A brake squeak or squeal may randomly begin when you are driving, even if you have recently had the brakes serviced. The squeak may be quiet at first, and it may come and go; however, if you hear this noise you should inspect your brakes to determine the cause. The most common reason for squeaking brakes is worn out or improperly lubricated brake pads. There are, however, other reasons for squeaking brakes that should be considered before replacing the brake pads.
Remove the wheel. Place the car jack underneath the vehicle, at a suitable jack-point, and use the jack to raise the vehicle. Place jack stands underneath the vehicle and lower the jack until the vehicle is resting on the jack stands. Place wheel chocks underneath the wheels that are touching the ground. Use the torque wrench and the socket set to remove the lug nuts from the wheel, and remove the wheel.2
Determine the cause of the noise. Inspect the brake pads or brake shoes to see if they are worn down. Check the brake pads to see if there is enough lubricant applied to the back of them. Make sure that the pads fit tightly within the calipers. If there does not appear to be a problem with the brake pads or shoes, inspect the other components of the brakes. Check the calipers, as well as the caliper slides, pins and bushings; you may have to replace these parts if there is too much looseness between the caliper and the knuckle. Check the brake rotors. The rotors may need resurfacing if they have become glazed or rough, or if they were not finished properly. If your vehicle has drum-style brakes, check for excessive brake dust, as well as loose hardware.3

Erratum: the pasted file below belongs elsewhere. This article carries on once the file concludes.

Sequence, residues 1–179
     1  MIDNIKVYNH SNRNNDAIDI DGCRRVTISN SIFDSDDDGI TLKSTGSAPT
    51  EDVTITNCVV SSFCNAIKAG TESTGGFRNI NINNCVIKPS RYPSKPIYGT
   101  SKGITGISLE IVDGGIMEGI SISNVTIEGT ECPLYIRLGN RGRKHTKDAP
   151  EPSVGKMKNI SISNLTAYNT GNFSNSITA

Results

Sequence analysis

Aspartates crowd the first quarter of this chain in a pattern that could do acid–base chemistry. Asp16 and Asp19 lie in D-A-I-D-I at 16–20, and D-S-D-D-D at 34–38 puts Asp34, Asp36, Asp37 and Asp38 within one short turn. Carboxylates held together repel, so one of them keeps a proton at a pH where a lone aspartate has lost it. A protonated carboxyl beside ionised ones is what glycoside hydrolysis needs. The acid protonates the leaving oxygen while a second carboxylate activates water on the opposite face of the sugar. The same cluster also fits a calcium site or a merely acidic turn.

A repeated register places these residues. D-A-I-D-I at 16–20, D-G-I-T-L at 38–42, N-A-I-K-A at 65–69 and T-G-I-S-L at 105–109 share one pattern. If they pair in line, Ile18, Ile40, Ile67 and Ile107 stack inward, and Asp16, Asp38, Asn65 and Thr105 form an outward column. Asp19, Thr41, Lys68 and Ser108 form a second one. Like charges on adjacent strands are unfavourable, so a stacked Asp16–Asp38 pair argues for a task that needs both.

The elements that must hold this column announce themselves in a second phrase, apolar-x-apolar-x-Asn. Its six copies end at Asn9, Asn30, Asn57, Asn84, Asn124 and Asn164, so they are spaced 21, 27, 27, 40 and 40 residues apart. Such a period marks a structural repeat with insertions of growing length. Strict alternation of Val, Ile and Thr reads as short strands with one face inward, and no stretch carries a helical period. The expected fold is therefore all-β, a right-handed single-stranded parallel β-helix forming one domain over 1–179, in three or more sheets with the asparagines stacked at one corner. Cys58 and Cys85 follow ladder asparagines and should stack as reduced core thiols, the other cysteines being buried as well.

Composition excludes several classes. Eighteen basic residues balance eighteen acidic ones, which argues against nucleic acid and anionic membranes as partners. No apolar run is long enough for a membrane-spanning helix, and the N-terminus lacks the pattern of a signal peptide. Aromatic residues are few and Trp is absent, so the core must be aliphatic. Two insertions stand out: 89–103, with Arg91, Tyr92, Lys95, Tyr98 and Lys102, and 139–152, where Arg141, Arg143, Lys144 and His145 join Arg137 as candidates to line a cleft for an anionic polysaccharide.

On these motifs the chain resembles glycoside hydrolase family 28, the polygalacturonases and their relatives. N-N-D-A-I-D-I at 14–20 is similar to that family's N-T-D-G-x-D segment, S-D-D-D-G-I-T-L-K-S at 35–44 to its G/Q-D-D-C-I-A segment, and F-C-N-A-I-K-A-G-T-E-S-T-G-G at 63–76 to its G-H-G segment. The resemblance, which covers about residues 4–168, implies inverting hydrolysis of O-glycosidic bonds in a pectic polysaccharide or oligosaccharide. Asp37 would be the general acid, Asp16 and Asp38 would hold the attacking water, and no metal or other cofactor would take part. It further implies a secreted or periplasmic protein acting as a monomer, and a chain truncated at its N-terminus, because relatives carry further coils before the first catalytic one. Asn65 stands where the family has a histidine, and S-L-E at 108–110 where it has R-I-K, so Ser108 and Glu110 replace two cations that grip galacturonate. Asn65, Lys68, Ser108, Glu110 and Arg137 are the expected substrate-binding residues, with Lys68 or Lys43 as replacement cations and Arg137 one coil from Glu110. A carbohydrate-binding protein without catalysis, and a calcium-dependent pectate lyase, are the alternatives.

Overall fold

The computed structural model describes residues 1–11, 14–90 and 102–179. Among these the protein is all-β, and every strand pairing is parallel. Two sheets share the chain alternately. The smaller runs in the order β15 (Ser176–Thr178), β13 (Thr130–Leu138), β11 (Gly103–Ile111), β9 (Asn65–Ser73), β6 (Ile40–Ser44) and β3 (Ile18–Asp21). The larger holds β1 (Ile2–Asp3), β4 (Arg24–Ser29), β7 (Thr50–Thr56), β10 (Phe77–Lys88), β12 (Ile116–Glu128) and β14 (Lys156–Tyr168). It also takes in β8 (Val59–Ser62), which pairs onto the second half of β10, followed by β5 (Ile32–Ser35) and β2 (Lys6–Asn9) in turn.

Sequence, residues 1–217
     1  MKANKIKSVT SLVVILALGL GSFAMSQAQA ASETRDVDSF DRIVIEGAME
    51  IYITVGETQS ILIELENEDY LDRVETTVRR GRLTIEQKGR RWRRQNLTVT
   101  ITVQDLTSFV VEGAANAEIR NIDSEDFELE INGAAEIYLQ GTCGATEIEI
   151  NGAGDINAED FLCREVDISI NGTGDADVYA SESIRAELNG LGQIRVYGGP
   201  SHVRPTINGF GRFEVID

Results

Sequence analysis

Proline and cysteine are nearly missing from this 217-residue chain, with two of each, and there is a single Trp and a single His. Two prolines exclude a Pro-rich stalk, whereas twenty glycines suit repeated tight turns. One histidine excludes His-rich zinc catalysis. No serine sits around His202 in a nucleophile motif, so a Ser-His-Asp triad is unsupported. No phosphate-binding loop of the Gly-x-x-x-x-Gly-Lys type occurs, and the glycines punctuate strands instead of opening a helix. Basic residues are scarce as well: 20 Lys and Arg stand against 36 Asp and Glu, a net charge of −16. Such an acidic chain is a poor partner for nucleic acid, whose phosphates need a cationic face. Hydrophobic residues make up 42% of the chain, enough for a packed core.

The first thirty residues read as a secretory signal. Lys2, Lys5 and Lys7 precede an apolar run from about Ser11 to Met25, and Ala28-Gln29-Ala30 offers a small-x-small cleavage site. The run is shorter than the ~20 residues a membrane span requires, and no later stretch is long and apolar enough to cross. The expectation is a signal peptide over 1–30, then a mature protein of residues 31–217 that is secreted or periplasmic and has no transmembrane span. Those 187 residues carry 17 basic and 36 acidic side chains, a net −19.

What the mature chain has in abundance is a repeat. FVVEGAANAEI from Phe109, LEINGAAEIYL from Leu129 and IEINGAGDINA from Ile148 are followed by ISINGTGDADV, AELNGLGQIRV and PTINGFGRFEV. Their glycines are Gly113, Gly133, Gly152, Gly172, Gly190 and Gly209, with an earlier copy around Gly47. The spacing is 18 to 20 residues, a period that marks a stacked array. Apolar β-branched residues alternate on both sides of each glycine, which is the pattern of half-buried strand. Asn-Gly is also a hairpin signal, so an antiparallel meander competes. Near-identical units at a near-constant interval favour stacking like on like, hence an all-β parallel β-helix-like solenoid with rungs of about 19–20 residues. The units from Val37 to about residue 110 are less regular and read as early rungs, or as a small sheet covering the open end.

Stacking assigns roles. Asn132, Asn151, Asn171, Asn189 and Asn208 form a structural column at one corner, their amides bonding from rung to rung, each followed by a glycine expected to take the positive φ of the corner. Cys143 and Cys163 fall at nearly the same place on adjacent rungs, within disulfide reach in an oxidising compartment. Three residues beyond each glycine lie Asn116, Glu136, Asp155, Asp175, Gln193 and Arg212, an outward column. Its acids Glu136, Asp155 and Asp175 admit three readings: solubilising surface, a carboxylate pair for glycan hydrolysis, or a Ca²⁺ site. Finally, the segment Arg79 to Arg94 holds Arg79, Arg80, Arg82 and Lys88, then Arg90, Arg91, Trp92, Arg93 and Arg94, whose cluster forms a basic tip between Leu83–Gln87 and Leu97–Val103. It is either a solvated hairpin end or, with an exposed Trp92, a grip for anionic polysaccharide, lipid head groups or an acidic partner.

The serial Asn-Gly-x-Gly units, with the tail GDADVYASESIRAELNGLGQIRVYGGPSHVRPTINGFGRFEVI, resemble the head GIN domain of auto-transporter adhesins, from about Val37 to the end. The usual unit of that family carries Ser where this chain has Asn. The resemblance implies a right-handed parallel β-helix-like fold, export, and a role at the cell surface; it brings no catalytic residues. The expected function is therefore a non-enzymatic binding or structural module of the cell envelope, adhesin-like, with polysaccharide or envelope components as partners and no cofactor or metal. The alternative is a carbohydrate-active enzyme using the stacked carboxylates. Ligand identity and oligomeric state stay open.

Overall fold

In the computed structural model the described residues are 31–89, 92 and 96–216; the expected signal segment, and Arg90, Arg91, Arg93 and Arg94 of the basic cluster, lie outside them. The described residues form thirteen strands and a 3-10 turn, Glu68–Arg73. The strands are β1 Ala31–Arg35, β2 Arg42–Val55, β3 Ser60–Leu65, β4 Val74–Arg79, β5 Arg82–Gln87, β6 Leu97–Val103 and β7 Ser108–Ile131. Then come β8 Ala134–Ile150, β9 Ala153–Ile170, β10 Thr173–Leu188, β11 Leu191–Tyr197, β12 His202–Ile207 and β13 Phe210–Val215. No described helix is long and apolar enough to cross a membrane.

Replace any worn parts and apply lubricant. If the cause of the problem is determined to be a worn out part, replace the part. The most common problem is worn out or improperly lubricated pads or shoes. Apply lubricant to the backs of the brake pads, or to the brake shoe contact areas. For drum-style brakes, if there is too much brake dust, remove the brake drum and clean the components with brake cleaner.4
Install the wheel and lower the vehicle. Put the wheel back in place, and use the torque wrench and the socket set to tighten the wheel lug nuts to the correct torque specification; refer to the vehicle repair guide to determine the correct specification. Raise the vehicle to bring it off of the jack stands, and remove the jack stands. Remove the wheel chocks. Lower the vehicle and remove the car jack. Pump the brake pedal and test the brakes to ensure they are working correctly, before driving on a public road.